I recently came across a story regarding an ex-husband taking his wife back to court. He claims that during their divorce his ex-wife failed to disclose that she had invested marital funds during the early stages of Twitter. As a New Jersey Divorce Lawyer, I have confronted this issue many times. Let’s explore a little deeper.
First, the “Great Twitter Caper.” Back in 2006, the wife (“Jennifer”) told her husband (“Stuart”) that she was going to California to see her brother. However, she was secretly meeting with her first husband and one of his friends, who happened to be one of Twitter’s “founding fathers.” Jennifer secretly gave him anywhere between $10,000 to $50,000 of the couple’s joint money that she had stashed away. Jennifer filed for divorce since months later.
Recently, Stuart went on ex-wife’s LinkedIn page, where she brags, “she is a first round investor in Twitter.” After getting as many facts as he could, Stuart filed suit in New York against Jennifer for fraud. Stuart further alleges that after Twitter’s recent successful IPO, the stocks could be worth anywhere between 1$0 to $50 million dollars.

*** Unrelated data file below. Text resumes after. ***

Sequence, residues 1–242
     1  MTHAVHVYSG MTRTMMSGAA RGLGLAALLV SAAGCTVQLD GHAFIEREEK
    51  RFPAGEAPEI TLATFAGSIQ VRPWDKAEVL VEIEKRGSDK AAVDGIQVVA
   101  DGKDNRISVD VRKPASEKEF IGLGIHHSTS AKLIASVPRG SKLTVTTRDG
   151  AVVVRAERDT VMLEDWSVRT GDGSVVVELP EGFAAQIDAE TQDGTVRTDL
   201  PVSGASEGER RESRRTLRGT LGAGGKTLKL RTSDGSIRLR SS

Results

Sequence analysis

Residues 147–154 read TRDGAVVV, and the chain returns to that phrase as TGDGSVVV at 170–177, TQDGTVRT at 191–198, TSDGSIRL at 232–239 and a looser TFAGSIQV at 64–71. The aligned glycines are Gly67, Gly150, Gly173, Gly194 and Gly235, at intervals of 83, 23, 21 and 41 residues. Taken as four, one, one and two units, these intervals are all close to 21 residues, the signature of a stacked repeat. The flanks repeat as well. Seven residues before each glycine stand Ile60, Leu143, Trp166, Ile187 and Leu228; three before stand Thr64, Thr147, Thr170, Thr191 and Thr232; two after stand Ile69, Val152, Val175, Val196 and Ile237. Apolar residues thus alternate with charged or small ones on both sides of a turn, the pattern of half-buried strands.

Now, under New Jersey divorce law, the relevant Court rule explains that a party fraud is one of a handful of reasons to take an ex-spouse back to Court after the divorce has been finalized. However, the motion in a N.J. Divorce Court must be made “within a reasonable time frame,” which is typically one year.
It will be interesting to see how the “Great Twitter Caper” all shakes out. Outside of a confidentially agreement, you can be rest assured that The Law Offices of Edward R. Weinstein shall keep you posted.